The below biology-based treatment schedule has been an effective method for us to manage mite populations in our colonies. However, we cannot guarantee your colonies will not have issues with mites using this method. Monitoring often will help you catch unexpected spikes in your mite populations, and adjust your treatment plan accordingly.


  • Package (suggested): Treat with oxalic acid dribble or vapor 5 to 7 days after installing the package. 
  • Nuc: Ask the supplier if and how they managed mites in the spring. If they did not manage mites, use HopGuard® or use a different miticide once the bees occupy a full deep box or two. 
  • Overwintered colony: treat with Mite Away Quick Strips®,  Formic Pro®, or Apiguard®. Mite Away Quick Strips® and Formic Pro® can be applied when honey supers are on the colony; other treatments must be complete before honey supers are applied. Can also use oxalic acid vapor four times at 5-7 days apart**(but see note below table).


  • If mite levels are above 2 mites per 100 bees, use Mite Away Quick Strips® or Formic Pro® as these products are safe to use with honey supers. Can also use oxalic acid vapor four times at 5-7 days apart**(but see note below table).

Before August 20

  • Remove supers and treat with Mite Away Quick Strips®,  Formic Pro®, Apiguard®, or ApiLife VAR®. Can also use oxalic acid vapor four times at 5-7 days apart**(but see note below table).
  • Check mites after treatment and every two weeks in fall to see that the treatment worked and if there is mite re-infestation from nearby colonies.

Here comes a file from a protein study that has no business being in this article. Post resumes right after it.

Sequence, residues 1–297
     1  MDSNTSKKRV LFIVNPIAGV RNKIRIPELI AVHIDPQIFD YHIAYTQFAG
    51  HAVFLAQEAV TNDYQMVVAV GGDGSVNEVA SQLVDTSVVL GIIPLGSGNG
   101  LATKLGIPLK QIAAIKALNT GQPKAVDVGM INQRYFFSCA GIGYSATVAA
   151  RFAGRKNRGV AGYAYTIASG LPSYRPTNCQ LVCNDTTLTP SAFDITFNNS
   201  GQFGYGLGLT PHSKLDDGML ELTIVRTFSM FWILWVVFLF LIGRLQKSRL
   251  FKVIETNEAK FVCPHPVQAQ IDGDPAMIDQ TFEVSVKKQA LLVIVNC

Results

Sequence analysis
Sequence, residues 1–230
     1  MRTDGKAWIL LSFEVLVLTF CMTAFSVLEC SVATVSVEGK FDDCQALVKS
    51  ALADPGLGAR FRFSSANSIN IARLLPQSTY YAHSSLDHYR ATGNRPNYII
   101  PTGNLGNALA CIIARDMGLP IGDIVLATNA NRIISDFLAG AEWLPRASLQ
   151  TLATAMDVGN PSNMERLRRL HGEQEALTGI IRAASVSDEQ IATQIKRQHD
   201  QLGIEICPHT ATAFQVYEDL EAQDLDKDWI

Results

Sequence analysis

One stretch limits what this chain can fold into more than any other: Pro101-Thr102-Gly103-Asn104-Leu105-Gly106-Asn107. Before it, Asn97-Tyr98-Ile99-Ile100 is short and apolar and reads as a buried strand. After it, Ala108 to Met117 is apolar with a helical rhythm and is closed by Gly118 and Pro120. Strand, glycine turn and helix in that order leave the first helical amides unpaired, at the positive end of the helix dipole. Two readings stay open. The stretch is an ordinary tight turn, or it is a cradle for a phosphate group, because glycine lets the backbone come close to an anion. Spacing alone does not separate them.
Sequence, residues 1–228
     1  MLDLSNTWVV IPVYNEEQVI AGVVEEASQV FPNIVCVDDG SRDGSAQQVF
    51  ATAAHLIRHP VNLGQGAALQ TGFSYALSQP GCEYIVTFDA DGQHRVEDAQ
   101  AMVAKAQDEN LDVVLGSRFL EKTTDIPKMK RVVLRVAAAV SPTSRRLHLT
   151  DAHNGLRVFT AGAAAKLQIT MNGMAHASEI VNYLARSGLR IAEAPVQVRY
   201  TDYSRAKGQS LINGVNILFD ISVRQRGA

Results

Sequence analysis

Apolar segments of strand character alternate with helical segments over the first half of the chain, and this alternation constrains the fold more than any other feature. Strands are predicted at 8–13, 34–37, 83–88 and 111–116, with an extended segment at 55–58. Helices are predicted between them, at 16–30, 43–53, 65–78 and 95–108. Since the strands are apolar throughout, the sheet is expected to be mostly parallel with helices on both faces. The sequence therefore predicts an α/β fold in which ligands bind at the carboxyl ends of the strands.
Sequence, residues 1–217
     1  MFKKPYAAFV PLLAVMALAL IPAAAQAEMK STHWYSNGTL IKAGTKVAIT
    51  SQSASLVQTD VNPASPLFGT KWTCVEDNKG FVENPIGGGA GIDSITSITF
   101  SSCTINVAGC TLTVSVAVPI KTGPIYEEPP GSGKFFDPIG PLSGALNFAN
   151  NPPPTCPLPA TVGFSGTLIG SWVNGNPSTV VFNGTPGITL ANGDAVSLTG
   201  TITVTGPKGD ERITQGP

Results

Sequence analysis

Fall when no brood is left in the colony

  • Treat with oxalic acid dribble or vapor in late fall. Can use HopGuard®, but remove the strips before winter.

Guidance on Using Mite Treatment Products

The below chart shows when each of the registered products can be used as mite control. Using the products when they are most effective can reduce the overall number of treatments needed. Always read and follow the label.

Note about VarroxSan®: this is a new product and should be available in mid-August. Read about this  oxalic acid product with an extended release on the manufacturer's website


Varra Mite Treatment Table (version July 2024)

*Information on Certified Applicator License from the EPA.

**Oxalic acid vapor can be effective, but research suggests using 2-4 g oxalic acid per box for the best efficacy (more than the legal label rate of 1g oxalic acid per brood box if using API-Bioxal™; can use 2 g if using EZ-OX™). See Jack et al. 2023 Evaluating the Efficacy of Oxalic Acid Vaporization and Brood Interruption in Controlling the Honey Bee Pest Varroa destructor (Acari: Varroidae), (NOTE: all research done in one brood box)